1888 was a real turning point for Hamburg: as well as becoming part of the German Empire’s customs system, the city opened the Speicherstadt and the free port. What’s more – and this is the best bit – 1888 also ushered in a “regular steam ferry connection for the Elbe free port”. That was the objective of the ferry contract signed between Hafen-Dampfschifffahrt A.-G. and the senate on 08/08/1888, and the vision of HADAG’s founder, Ernst Hadenfeldt. Up to that point, there had been countless boatmen and ferry companies operating alongside one another at the port. It was time to put an end to the chaos!
The Port of Hamburg was not just one port but many, each with a specific purpose. They included the India-Hafen and Strand-Hafen, Petroleum-Hafen and Baaken-Hafen, Oberhafen and Zollhafen. All in all, there were more than 38. Thousands of workers needed to travel each day to the shipyards, fruit warehouses and quay walls. It took a lot of people to run a world-class port: workers to clean the boilers and ships, vessel painters and machinists, dockers and winch operators. The HADAG skippers were also at the centre of the action. While rowing boats might seem like a nice idea, they’re not much fun in gale-force winds. From 1888 onwards, a single fleet put things on the right tack. The first route was the Zollkanal line, stopping at St. Pauli Landungsbrücke, Roosenbrücke (Baumwall), Kajen (Rödingsmarkt), Mattentwiete (Brooksbrücke), Steckelhörn (Zippelhaus), Wandrahmsbrücke (Meßberg), Deichtor, Stadtdeich, Brandshofer Schleuse, Elbbrücke and Veddel. By 1893, six more lines had been added. The number then grew further and today there are eight.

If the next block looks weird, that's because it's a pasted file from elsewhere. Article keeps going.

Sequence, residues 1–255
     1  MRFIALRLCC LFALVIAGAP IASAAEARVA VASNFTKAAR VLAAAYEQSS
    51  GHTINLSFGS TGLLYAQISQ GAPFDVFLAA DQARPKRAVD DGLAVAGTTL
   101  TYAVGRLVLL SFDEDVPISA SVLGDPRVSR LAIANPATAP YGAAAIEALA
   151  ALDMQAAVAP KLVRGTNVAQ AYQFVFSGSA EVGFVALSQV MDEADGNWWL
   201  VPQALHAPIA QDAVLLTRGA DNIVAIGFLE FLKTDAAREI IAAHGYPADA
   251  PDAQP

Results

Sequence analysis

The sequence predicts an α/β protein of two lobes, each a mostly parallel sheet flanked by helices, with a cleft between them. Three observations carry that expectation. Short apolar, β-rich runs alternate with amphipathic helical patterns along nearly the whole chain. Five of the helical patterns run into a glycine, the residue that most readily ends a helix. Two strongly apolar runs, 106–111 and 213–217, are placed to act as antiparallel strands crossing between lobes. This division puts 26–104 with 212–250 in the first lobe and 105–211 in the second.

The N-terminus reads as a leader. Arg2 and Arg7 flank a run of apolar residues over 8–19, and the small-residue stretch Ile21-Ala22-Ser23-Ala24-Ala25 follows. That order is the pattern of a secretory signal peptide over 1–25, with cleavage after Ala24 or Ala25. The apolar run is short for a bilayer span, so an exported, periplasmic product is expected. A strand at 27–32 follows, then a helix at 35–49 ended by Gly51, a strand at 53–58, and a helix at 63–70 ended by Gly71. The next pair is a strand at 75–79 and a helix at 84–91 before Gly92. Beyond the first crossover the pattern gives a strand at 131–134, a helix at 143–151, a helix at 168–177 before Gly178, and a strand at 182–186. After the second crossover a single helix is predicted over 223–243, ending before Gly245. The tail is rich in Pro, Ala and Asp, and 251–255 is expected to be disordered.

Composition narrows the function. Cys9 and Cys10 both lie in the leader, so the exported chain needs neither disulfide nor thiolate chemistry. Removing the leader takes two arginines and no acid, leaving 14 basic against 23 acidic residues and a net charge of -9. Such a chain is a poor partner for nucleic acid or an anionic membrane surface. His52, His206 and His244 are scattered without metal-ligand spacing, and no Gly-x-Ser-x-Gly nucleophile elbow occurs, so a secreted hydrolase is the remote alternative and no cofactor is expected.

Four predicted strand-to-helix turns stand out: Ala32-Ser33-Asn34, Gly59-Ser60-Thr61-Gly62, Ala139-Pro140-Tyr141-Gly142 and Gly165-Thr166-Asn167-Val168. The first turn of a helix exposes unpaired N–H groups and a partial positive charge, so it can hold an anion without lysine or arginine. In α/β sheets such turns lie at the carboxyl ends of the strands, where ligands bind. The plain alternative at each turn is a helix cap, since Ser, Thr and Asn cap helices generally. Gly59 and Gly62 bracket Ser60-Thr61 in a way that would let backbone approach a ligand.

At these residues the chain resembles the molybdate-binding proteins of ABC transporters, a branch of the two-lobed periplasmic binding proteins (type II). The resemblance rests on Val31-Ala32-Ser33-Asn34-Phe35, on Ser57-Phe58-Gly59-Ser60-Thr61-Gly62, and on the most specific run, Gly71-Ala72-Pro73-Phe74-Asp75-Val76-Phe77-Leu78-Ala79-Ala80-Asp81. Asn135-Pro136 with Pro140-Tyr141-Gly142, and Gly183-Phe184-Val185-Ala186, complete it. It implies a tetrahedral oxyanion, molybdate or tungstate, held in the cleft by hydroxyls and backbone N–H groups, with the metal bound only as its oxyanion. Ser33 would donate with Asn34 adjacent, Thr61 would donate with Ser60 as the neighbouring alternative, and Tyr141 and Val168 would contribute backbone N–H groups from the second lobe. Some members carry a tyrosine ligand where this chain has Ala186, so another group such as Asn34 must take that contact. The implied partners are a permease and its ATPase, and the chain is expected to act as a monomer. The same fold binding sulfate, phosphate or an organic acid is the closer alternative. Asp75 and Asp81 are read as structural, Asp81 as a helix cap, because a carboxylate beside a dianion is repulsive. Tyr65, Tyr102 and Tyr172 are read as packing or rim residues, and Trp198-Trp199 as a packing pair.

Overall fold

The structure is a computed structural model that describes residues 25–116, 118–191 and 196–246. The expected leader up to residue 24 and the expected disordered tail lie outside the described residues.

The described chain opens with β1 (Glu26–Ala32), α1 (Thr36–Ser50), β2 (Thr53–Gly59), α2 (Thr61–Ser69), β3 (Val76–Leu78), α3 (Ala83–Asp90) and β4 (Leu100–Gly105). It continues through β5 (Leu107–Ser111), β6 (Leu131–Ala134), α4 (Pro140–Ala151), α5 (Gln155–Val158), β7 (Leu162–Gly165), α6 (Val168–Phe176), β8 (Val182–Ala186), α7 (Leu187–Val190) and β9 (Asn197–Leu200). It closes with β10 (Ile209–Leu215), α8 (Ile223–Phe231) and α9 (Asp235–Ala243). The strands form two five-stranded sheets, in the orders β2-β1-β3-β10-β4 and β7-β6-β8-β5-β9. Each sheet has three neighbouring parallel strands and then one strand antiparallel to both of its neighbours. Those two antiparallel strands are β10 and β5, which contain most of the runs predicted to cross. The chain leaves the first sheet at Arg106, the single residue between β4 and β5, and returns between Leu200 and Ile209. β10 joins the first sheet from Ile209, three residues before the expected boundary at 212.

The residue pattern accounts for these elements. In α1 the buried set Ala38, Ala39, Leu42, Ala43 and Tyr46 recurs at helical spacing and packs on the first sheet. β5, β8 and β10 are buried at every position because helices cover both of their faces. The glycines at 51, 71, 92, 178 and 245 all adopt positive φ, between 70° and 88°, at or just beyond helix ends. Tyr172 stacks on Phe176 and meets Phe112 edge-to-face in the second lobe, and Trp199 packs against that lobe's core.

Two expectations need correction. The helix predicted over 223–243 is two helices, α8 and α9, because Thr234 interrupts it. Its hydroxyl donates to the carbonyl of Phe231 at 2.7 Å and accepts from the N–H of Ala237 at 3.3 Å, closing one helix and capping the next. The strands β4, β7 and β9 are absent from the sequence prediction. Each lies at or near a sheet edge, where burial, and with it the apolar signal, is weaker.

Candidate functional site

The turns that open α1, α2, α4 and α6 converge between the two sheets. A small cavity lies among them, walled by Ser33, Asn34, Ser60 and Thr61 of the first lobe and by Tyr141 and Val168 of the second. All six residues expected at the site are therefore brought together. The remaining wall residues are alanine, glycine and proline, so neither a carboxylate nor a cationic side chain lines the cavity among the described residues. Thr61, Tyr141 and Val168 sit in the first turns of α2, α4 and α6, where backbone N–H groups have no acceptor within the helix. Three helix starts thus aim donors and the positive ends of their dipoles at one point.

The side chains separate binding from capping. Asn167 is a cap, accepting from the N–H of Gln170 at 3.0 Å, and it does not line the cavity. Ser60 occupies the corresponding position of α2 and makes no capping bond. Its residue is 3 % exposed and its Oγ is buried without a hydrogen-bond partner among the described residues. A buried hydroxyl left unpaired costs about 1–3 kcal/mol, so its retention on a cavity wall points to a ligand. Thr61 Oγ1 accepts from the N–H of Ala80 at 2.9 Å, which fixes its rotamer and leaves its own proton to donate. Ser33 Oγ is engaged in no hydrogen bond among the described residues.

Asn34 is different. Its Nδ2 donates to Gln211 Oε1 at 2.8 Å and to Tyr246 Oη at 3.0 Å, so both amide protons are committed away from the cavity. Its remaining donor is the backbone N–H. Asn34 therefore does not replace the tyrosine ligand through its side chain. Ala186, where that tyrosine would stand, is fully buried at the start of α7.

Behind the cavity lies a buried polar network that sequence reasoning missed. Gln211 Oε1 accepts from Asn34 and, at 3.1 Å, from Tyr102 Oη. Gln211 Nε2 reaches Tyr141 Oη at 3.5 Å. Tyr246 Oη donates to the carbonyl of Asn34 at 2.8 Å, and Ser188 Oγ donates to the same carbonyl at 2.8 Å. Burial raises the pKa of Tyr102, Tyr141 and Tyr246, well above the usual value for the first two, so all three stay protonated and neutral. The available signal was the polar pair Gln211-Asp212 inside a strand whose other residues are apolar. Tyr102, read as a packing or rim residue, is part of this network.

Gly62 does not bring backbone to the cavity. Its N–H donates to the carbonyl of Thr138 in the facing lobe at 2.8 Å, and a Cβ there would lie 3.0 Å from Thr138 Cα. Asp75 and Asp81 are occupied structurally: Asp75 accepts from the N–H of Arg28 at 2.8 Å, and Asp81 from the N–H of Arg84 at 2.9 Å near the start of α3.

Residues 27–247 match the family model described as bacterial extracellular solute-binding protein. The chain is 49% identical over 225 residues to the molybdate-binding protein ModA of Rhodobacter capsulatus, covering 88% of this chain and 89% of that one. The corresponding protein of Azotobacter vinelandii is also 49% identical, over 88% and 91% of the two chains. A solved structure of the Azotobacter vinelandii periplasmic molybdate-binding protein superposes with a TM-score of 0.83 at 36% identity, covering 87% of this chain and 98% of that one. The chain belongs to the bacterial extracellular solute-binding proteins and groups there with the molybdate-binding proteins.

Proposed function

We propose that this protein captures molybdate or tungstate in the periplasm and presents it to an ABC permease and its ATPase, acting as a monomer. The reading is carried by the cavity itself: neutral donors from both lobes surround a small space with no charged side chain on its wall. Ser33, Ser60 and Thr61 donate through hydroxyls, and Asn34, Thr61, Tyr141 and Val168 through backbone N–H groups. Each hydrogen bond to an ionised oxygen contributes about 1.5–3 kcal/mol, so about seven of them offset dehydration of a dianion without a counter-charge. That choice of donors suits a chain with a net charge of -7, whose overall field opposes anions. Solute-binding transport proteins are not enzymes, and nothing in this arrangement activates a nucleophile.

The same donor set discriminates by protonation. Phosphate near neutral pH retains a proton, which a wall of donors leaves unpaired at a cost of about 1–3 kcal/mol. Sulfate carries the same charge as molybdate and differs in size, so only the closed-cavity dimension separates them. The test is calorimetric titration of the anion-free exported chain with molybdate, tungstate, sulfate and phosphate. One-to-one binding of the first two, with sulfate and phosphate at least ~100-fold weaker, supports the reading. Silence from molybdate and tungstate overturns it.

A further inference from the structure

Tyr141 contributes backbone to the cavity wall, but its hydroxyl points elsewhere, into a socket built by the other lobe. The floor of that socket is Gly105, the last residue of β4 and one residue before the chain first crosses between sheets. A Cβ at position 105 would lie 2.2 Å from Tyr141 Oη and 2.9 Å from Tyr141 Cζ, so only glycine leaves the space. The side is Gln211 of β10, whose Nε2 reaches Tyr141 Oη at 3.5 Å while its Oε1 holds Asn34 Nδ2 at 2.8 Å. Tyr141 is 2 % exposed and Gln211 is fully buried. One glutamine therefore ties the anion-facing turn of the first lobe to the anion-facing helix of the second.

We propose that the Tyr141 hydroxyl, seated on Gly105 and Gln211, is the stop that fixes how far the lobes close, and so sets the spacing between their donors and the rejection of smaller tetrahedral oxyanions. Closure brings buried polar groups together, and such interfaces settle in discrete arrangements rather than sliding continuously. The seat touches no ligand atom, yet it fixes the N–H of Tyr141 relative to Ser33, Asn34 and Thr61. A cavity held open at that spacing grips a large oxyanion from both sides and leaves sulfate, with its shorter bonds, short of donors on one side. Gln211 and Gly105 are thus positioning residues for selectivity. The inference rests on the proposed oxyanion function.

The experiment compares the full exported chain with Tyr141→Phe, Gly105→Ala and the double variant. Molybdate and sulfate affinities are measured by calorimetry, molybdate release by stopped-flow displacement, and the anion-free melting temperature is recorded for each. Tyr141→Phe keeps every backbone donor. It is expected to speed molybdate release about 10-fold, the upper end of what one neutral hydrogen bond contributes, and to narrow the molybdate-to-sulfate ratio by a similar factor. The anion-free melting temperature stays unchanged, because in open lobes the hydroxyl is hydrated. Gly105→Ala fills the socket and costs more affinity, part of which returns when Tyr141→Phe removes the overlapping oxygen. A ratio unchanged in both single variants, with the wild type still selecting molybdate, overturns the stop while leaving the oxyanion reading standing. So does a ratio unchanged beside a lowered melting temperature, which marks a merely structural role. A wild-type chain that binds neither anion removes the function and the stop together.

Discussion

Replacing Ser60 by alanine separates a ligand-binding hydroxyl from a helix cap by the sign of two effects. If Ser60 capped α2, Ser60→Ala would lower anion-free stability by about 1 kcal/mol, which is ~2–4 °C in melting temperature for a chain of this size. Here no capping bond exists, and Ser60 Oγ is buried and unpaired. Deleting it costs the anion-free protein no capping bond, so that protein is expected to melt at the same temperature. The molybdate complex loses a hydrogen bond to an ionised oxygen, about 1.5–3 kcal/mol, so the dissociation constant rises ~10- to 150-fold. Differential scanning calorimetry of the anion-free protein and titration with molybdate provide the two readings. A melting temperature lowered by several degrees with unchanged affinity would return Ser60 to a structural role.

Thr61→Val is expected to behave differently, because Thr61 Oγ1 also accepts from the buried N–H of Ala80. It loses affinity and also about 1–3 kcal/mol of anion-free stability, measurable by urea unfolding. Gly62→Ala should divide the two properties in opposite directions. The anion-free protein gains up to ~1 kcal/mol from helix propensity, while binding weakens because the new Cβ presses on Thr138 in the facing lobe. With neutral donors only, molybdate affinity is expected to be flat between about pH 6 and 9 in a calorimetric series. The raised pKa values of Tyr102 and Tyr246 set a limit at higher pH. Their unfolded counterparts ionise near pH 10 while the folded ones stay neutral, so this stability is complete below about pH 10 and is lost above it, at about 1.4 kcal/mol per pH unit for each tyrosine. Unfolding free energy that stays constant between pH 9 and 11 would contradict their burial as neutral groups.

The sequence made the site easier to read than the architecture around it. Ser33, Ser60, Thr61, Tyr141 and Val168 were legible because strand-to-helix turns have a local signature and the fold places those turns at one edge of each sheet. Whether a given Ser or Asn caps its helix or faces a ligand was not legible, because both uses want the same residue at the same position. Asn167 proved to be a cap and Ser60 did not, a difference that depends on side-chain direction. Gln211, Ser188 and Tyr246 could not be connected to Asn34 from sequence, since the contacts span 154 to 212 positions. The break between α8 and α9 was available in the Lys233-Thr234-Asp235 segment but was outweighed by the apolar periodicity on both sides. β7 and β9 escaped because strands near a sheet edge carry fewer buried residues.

When the Kaiser abdicated in 1918, the city took the rudder. The senate has sat astern ever since. HADAG expanded its portfolio. The vessels that weren’t needed during the day started taking visitors on harbour tours. Soon, they started going as far as Cuxhaven, Heligoland and even the Caribbean. Admittedly, it took a while for us to venture as far as the Caribbean – and we didn’t do it with a steamer.